Robert Kennedy's United States History Class
The Kennedy Assassination
In a 5-8 paragraph essay address the following:
After reviewing the following material describe the various controversies surrounding the Kennedy assassination. What aspects of this historical event persists in capturing the American imagination?
The story of the assassination of President John F. Kennedy has been told many times by many people. Among those who told it first was the late Walter Cronkite. He anchored the CBS News coverage during the first hours after bullets hit the president in Dallas on Nov. 22, 1963, 50 years ago Friday.
Oliver Stone on 50th Anniversary of JFK Assassination & the Untold History of the United States
Three-time Academy Award-winning director, producer and screenwriter Oliver Stone joins us for the hour to discuss the 50th anniversary of President John F. Kennedy’s assassination on November 22, which was chronicled in his blockbuster film, "JFK." A Vietnam War veteran, Stone has made around two dozen acclaimed Hollywood films, including "Platoon," "Salvador," "Born on the Fourth of July," "Nixon," "South of the Border" and "Wall Street: Money Never Sleeps." A commemorative edition of "JFK" comes out next week. Most recently, Stone has co-written the 10-part Showtime series, "Oliver Stone’s Untold History of the United States," and companion book with the same name, co-written by Peter Kuznick, professor of history and director of the Nuclear Studies Institute at American University.
The first thing T. Jeremy Gunn says when you ask him about President John F. Kennedy's assassination is, "I'm not a conspiracy theorist. I don't have a theory about what happened."
But he knows a lot about it from his work for the Assassination Records Review Board, established by Congress in 1992, about a year after the Oliver Stone film J.F.K. reignited questions about the assassination. The film rejected the official 1964 conclusion of the Warren Commission, which placed guilt on Lee Harvey Oswald alone. Instead, Stone proposed a vast government conspiracy linked to the C.I.A.
It's been 50 years since President John F. Kennedy was assassinated in Dallas on Nov. 22, 1963, and polls show that a majority of Americans still believe Kennedy was the victim of a conspiracy, not a lone assassin. Though an official investigation concluded that Kennedy was killed by Lee Harvey Oswald acting alone, conspiracy theories about the assassination were spawned almost immediately, and they keep coming to this day: Republican consultant Roger Stone has a new book — The Man Who Killed Kennedy: The Case Against LBJ — arguing Lyndon Johnson was behind the crime.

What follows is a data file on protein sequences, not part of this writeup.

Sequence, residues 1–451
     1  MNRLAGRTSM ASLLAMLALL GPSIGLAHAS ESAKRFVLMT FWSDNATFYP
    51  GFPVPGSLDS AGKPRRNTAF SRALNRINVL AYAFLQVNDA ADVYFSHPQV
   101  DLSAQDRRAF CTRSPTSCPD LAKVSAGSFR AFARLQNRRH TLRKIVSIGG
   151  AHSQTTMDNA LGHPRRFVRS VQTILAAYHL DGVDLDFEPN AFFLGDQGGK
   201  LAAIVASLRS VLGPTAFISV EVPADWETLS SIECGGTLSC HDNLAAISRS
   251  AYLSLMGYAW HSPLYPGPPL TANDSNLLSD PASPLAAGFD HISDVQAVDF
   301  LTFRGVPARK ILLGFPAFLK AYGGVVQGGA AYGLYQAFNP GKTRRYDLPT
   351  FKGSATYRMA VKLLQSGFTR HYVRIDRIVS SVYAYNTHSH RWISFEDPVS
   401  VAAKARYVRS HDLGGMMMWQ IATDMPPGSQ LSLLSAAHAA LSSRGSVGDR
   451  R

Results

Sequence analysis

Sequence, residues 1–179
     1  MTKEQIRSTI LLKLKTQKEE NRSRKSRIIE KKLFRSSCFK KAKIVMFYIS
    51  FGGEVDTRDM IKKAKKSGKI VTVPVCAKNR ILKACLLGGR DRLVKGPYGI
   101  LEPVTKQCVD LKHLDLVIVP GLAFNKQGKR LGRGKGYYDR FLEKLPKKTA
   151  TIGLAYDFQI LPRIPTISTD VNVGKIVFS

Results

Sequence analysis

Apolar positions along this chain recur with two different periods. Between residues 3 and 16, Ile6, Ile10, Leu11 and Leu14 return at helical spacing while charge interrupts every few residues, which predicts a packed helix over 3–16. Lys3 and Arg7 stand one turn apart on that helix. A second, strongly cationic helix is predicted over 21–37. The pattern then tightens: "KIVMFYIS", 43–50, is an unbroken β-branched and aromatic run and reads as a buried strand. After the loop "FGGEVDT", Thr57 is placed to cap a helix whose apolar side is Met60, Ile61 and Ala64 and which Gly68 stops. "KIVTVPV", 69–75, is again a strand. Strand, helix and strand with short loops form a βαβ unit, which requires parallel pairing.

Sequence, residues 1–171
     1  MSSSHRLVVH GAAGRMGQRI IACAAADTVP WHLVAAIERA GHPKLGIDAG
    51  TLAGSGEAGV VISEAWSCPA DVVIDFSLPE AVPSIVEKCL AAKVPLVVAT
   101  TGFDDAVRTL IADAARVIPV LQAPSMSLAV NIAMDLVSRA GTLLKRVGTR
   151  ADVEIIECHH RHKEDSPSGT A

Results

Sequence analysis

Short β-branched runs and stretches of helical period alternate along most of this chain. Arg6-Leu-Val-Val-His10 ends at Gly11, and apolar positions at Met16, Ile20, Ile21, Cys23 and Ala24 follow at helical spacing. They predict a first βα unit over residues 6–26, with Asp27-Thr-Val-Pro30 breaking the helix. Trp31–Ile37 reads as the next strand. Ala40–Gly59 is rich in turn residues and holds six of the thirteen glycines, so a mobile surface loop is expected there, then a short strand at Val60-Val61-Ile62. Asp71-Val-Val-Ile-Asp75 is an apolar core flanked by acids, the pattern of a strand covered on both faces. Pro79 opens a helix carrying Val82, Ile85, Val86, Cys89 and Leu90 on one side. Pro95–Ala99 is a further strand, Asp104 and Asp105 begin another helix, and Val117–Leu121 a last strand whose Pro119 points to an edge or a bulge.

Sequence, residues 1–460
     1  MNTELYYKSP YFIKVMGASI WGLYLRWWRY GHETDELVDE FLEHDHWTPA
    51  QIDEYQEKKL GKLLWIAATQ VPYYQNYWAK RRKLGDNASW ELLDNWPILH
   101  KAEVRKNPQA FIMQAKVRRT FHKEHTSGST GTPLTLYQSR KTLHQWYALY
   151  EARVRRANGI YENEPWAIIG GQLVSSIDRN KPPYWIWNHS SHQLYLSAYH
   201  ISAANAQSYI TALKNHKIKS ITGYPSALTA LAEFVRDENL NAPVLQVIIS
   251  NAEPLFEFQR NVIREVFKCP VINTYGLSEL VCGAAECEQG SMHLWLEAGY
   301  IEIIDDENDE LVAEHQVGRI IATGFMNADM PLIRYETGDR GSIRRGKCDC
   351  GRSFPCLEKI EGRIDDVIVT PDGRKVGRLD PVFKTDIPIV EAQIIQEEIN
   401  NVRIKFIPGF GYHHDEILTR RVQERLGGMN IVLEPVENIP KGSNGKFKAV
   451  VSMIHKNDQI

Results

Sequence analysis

Veteran investigative reporter Philip Shenon looks for the root of five decades of speculation in A Cruel and Shocking Act. The new book recounts the work of the Warren Commission appointed by President Johnson to investigate the assassination.
Remembering JFK By Rewatching His Inaugural Address
Very few of us need to be reminded about what happened 50 years ago today in Dallas.
And with all the remembrances of the assassination of President John F. Kennedy in the news media this week, there's no need for us to post yet another.
On Nov. 22, 1963, ambulance driver Aubrey Rike and his assistant, Dennis "Peanuts" McGuire, just happened to be on a call at Parkland Memorial Hospital when President John F. Kennedy was brought in.
Moved By Kennedy's Death, The Boston Symphony Played On
A visit to the symphony: It's often a solitary experience that can, in truly important moments, become communal — as it did in Boston on Nov. 22, 1963.
At 2 p.m., the Boston Symphony Orchestra's Friday afternoon concert began like any other. The orchestra stuck to the program until 2:35 p.m., when it took a brief break. When conductor Erich Leinsdorf returned to the stage, he did not lift his baton to the orchestra. Instead, he gazed out into the audience, forced to share some terrible news.
50 Years After Assassination, Kennedy Books Offer New Analysis
In the 50 years since the assassination of President John F. Kennedy, the public has never tired of books about the charismatic young president and his tragic death.
This year, the market has been particularly flooded with Kennedy books — from glossy photograph collections to serious biographies and histories to a new round of books devoted to conspiracy theories.
Recognizing The Power Of TV
When John F. Kennedy began his run for the White House more than 50 years ago, there was plenty of excitement and anticipation. He was energetic, handsome and from a famous Boston political family.
But his candidacy was far from a sure bet. At the time, few would have predicted the lasting impact his campaign would have on every election to follow.
Kennedy made the most of his youth and novelty, says historian Robert Dallek, author of several books about JFK.
Footage of Kennedy's Assassination
The Kennedy Assassination - Beyond Conspiracy
JFK: BEYOND THE MAGIC BULLET
As the young U.S. senator takes the oath to become president, he sets out to fix an economy struggling with rising unemployment, slumping profits and depressed stock prices.
He knows the deep recession could prevent him from advancing his broader domestic and diplomatic agenda. Yes — all true for President Obama.
But that's what John F. Kennedy faced as well. On his frosty Inauguration Day in January 1961, Kennedy had to start fulfilling his campaign pledge to "get America moving again." Like Obama, he would need to win over a deeply skeptical business community.
The similarities mostly end right there.
Since taking office, Obama has struggled with the aftermath of a global financial crisis and a home foreclosure meltdown. Even after nearly five years in office, he presides over an economy stuck with a 7.3 percent unemployment rate and a disappointing growth rate well below 3 percent.